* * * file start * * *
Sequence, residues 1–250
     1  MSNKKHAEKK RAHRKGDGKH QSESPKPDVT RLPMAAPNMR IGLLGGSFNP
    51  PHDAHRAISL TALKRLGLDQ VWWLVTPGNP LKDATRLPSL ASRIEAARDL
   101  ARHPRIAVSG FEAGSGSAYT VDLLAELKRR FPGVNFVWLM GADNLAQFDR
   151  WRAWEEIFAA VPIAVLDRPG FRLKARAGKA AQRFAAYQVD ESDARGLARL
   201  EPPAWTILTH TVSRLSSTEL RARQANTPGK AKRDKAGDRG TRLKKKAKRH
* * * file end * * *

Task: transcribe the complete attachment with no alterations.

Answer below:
Sequence, residues 1–250
     1  MSNKKHAEKK RAHRKGDGKH QSESPKPDVT RLPMAAPNMR IGLLGGSFNP
    51  PHDAHRAISL TALKRLGLDQ VWWLVTPGNP LKDATRLPSL ASRIEAARDL
   101  ARHPRIAVSG FEAGSGSAYT VDLLAELKRR FPGVNFVWLM GADNLAQFDR
   151  WRAWEEIFAA VPIAVLDRPG FRLKARAGKA AQRFAAYQVD ESDARGLARL
   201  EPPAWTILTH TVSRLSSTEL RARQANTPGK AKRDKAGDRG TRLKKKAKRH